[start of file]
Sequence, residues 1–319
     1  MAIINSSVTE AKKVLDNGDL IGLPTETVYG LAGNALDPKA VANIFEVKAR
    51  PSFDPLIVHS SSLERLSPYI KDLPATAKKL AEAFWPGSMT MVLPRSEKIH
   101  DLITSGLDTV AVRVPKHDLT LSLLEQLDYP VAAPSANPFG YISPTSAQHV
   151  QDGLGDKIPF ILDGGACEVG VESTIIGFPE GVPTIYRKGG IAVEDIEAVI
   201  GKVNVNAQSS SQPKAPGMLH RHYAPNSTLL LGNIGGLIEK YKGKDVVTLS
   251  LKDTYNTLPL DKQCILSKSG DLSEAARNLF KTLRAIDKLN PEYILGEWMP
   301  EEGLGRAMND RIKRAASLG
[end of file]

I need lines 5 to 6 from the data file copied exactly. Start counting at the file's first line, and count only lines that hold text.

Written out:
   151  QDGLGDKIPF ILDGGACEVG VESTIIGFPE GVPTIYRKGG IAVEDIEAVI
   201  GKVNVNAQSS SQPKAPGMLH RHYAPNSTLL LGNIGGLIEK YKGKDVVTLS